Injuries last year had derailed that chase. Gagnon missed the 2019 spring outdoor track season with a foot injury and a misdiagnosed heart condition. He sat out last fall’s cross-country season with knee tendinitis and a sore back. This spring, he says, was his “last shot to wear the jersey.”
In early March, Gagnon finally was running pain-free—and, he says, “killing it in my workouts.” He was excited for Gonzaga’s first outdoor meet of the season, scheduled to take place in Spokane on March 19.
Then came the NCAA’s COVID-19 cancellation announcement, which Gagnon first heard about via a group text with his teammates. What? Wait. Really? All spring sports? S__t.
“It made sense given the circumstances and was absolutely the right decision,” he says. “But I thought I was done being a college athlete. I was just kind of in shock.”
That shock was shared by athletes across the country. Arizona State men’s basketball player Grant Fogerty, a walk-on senior, was with his teammates in Las Vegas for the Pac-12 tournament when their sport was shut down. One afternoon, they were preparing to play a quarterfinal game and thinking ahead to a potential NCAA Tournament bid; the next morning, they were boarding a return flight to Tempe.
“That was tough to take,” Fogerty says. “We had our last practice, our last game, put our jerseys on for the last time. And we didn’t even know it.”
In the wake of the sudden shutdown, people including University of Massachusetts athletic director Ryan Bamford and Texas Christian University baseball player Haylen Green called on the NCAA to grant extra eligibility to spring sports athletes, especially seniors. A group of athletes from the Power Five conferences on the NCAA’s Student-Athlete Advisory Committee (SAAC) released a statement recommending that the association also extend relief to winter sports athletes who were unable to complete their championships; the statement also recommended renewing the scholarships of all returning seniors. Gagnon created an online petition asking for the same; in addition, he asked that the NCAA cover returning athletes’ room and board costs and permit those who finished degrees in 2020 to compete next spring without enrolling in additional classes.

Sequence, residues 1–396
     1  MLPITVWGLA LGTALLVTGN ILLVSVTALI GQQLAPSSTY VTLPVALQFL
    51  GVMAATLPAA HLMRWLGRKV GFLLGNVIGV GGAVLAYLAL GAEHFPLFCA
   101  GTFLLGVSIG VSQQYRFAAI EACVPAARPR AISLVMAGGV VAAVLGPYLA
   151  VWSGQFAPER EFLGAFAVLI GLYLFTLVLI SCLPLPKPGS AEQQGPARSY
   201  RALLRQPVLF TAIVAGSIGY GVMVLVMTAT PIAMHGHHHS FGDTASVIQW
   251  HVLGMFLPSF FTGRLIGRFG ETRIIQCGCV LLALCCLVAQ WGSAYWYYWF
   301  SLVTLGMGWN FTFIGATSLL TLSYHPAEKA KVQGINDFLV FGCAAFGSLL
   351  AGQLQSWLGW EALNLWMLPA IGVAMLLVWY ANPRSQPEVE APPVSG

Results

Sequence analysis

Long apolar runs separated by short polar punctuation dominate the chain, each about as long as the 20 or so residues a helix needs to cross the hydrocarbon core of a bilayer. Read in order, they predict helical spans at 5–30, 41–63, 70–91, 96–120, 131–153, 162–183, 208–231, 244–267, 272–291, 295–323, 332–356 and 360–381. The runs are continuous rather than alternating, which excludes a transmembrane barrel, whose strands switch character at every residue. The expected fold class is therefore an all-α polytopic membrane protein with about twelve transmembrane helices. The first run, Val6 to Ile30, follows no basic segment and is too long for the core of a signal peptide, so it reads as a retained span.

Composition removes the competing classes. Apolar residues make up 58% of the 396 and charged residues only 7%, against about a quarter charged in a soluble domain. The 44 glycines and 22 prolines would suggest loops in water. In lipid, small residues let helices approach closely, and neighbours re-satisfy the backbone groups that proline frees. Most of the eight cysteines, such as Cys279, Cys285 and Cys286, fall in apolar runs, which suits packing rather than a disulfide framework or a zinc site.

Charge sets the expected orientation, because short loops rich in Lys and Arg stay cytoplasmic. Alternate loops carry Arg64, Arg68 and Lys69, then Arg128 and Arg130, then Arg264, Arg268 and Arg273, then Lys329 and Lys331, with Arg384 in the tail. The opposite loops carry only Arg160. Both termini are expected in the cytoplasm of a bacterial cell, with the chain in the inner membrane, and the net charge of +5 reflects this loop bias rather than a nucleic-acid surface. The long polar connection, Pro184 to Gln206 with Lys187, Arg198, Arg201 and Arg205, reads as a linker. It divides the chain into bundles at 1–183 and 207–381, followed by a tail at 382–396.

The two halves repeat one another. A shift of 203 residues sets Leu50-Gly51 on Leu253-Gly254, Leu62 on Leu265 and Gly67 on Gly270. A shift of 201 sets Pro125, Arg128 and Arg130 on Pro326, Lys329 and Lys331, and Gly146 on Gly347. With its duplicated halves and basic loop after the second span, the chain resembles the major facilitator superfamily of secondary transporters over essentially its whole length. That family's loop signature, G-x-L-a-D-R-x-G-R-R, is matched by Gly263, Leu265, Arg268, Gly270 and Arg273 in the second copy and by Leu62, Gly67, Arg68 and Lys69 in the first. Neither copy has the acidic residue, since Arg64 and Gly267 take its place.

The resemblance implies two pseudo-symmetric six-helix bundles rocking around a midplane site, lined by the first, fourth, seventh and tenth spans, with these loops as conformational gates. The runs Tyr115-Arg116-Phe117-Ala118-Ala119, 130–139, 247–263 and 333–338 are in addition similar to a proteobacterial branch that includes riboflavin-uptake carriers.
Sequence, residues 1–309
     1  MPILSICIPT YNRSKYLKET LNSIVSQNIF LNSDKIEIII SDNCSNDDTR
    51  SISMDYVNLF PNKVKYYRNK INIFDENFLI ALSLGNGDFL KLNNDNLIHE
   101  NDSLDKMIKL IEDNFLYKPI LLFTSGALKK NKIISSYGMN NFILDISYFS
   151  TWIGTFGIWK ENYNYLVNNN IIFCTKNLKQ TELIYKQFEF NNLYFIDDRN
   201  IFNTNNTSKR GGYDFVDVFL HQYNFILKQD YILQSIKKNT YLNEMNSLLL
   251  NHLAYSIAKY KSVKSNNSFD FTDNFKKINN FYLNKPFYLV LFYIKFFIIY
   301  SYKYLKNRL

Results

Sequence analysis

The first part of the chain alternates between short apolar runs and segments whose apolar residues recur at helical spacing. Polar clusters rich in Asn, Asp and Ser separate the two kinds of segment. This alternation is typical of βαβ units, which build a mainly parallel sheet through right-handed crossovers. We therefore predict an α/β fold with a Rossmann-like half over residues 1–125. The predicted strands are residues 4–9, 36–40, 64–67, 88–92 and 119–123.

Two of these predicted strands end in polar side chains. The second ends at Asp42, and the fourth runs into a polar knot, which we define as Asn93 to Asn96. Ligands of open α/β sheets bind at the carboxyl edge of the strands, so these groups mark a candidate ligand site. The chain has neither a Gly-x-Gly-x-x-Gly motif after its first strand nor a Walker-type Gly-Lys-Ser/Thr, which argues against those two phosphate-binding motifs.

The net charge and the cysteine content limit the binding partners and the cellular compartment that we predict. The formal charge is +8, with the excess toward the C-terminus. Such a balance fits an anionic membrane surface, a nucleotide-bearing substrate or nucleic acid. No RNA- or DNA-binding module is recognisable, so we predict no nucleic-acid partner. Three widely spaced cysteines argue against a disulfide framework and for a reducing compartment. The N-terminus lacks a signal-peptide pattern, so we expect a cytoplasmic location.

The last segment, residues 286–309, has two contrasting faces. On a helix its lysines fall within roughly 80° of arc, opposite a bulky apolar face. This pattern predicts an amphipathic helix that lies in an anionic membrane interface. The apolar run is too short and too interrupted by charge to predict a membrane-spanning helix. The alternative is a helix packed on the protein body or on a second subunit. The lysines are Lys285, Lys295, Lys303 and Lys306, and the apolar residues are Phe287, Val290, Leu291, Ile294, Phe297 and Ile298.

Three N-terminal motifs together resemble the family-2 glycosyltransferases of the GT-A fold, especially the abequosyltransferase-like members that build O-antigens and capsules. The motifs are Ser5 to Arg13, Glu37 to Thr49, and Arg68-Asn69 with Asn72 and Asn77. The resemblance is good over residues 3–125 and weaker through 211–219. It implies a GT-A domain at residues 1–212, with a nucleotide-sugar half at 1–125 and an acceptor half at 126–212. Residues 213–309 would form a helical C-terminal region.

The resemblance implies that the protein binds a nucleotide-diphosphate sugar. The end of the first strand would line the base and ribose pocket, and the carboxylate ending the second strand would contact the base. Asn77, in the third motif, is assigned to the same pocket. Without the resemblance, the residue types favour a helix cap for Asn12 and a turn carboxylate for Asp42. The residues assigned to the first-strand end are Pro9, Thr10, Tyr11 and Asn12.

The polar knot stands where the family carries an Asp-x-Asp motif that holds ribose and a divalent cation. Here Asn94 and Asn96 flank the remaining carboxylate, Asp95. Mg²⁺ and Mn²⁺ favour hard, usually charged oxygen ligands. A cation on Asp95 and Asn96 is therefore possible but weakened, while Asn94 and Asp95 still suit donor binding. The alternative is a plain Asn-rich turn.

The NCAA’s subsequent decision gave athletes some of what they wanted—but not all of it. Winter sports athletes such as Fogerty will not receive additional eligibility. Schools will be allowed to offer—or not offer—renewed or reduced scholarships on a case-by-case basis. Athletes still will be required to be active students. “The expectation is that if they do come back, they will be restored students academically,” Anderson says. “So if you graduated, you come back and get in a master’s program, get in a graduate program. You’re not going to come back to campus and just hang out and play ball.”
According to an NCAA online database, just over 68,000 athletes participated in Division I spring sports—baseball, softball, tennis, golf, outdoor track and field, lacrosse, rowing, men’s volleyball, beach volleyball, and women’s water polo—in 2017-18. If those numbers were similar this spring and a fourth of those athletes were seniors, then roughly 17,000 athletes are eligible to come back next spring.
Some won’t. Georgetown University athletic director Lee Reed says that most of the 110 spring sports seniors at his school already had landed future jobs. He says he expects the majority of them to “keep their jobs and move on with the next chapter of their lives.”
Others will stay. James Madison University athletic director Jeff Bourne estimates that more than half of the spring sports seniors at James Madison will return next season, while TCU baseball coach Jim Schlossnagle says that every senior on his team has expressed an interest in returning for the 2021 season, if given the opportunity.
Many of those who come back will pay for the opportunity. Individual spring sports athletes often receive partial scholarships, which means that even if their schools renew their previous aid, they will have to take out additional student loans or spend more money out of pocket to cover tuition and other costs. Those athletes also may have to consider transferring if their current schools lack graduate programs that fit their academic skills and interests.